By James Halecopyright © 1999 James Hale
Old jazz hands are frequently heard to mourn the passing of the rugged individualist in the music. Where, they say, is this generation's Eric Dolphy, Andrew Hill or Tony Williams? One answer is that today's Dolphy, Hill or Williams might not be where you expect.
A case in point: 28-year-old Louisiana native Brian Blade. Best known by jazz fans for his three years behind the drum kit with saxophone phenom Joshua Redman, Blade is just as likely to be found on the road with Joni Mitchell or in the studio with Seal. The latter situation is exactly where I caught up with him in Los Angeles.
Musical eclecticism comes naturally to the soft-spoken son of a minister and a kindergarten teacher.
"Initially, I grew up listening to sacred music. Choirs, a lot of gospel music. I remember listening to Al Green at my grandmother's, and my father is a wonderful singer, too. That music was so central to my family's situation that I was certainly exposed to it even before I was born. There was also the great music that was on the radio - Earth, Wind & Fire, Stevie Wonder and Michael Jackson. I was wide open to all kinds of music in my hometown of Shreveport. I'd go see the Neville Brothers or Asleep At The Wheel, various local bands, too. You could kind of see the world in our little town."
Violin was his instrument of choice in his school orchestra, though drums always held a special attraction.
"My older brother, Brady Jr., played the drums in my father's church, and when he went away to college I just naturally stepped up to the chair. I was 12 or 13 and it was an unconscious thing, really. I was just trying to be a part of this very vibrant thing in the church, so I wasn't terribly involved in the technicality of playing the instrument."
Jazz entered the picture a few years later, just as Brian himself was about to make the transition from Shreveport to Loyola University in New Orleans.
"A friend told me about John Coltrane's Giant Steps and Miles Davis' Live At The Plugged Nickel, so that sort of put me in the deep end of interpretation immediately."
His drum influences ran the gamut from Elvin Jones to Levon Helm of The Band.
At Loyola, Blade became friends with a number of musicians who have figured prominently in his life for the past decade, including pianist Jon Cowherd, bassist Christopher Thomas, guitarist-producer Daniel Lanois and saxophonists Victor Goines, Kenny Garrett and Joshua Redman. Goines, Garrett and Redman provided Blade his first recording opportunities, while Lanois introduced him to an entirely different world.
After touring with the Canadian-born Lanois in support of his album, For The Beauty Of Wynona, Blade became his drummer of choice, putting him behind the kit for Bob Dylan's critically acclaimed Time Out Of Mind and Emmylou Harris' Wrecking Ball.
When the time came for Blade to step forward to make his own musical statement - 1998's Brian Blade Fellowship - Lanois was the not-so-obvious obvious choice. Old friends Cowherd and Thomas formed the nucleus of the band, joined by saxophonists Melvin Butler and Myron Walden, and guitarists Jeff Parker and Dave Easley. With Lanois - the man who has shaped the sound of such diverse artists as U2 and Willie Nelson - behind the board and original compositions influenced by such varied experiences as visiting the house where Anne Frank sheltered from the Holocaust, hearing a field recording of Pygmies, and mourning a dead friend, Brian Blade Fellowship was bound to be something different.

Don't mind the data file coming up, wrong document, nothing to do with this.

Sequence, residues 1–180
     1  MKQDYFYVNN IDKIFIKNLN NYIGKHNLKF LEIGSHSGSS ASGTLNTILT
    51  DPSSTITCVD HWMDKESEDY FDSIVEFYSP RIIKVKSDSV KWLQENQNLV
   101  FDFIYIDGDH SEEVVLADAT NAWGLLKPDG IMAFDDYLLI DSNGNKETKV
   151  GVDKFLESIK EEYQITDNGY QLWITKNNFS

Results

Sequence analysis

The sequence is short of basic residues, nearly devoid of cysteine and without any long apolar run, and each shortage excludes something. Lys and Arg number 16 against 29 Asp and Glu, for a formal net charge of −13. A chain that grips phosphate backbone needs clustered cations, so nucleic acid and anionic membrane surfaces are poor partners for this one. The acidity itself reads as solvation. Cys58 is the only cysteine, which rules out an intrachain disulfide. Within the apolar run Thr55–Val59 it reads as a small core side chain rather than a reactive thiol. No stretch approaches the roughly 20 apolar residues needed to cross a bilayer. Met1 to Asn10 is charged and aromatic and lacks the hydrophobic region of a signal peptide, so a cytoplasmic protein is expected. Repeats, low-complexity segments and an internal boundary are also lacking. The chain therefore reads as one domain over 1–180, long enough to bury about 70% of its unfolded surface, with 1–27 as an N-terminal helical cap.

"I had absolute freedom from all the folks at Blue Note Records. They were very supportive of what we wanted to achieve. I think they realize that touching someone with your music is the bottom line. And working with Daniel was great. I wanted him there for his perspective and his sense of direction, which is a great gift that he has. It's terrific to have someone whose judgment you trust completely."
Though Lanois puts in appearances on two songs, the recording has few of the sonic qualities that have become his signature in the rock and pop world. Ironically, several influential jazz critics chided Blade for the album's lack of a touch, muscular edge.
The drummer stands by his musical vision, one that is uniquely his own and intensely spiritual.
"I want to create landscapes. I have to be true to what I hear. The strike of the cymbal is almost mystical to me. I'm almost the anti-drummer in a way. I cling to the harmony and melody or the words of a song so much that it's almost like I'm not playing drums."
Likely, it's that ability to become one with a piece of music that makes Blade so in demand by artists from various genres.
"I like to step into a recording or performance with no pre-conception and just play totally in the moment. With Dylan, I had no idea what to expect. Working with Seal, I want to get so close to the meaning of his songs, get right inside the lyrics. With Joni, it's just a dance, you know."
While his reputation, chops and positive attitude could probably make him the Steve Gadd or Jeff Porcaro of his generation, Blade doesn't intend to lose the career momentum built up by his debut recording.
"It's a difficult balance," he concedes. "There is a financial strain of taking a septet on the road, but the guys in Fellowship are the voices that are the songs. We did three nights at Birdland in New York during the winter and we'll play a few dates again in June, but it would be great to play a consistent string of dates somewhere. I don't really care where we play - I don't think it would have to necessarily be a jazz club - just so long as we can play this music for some people somewhere."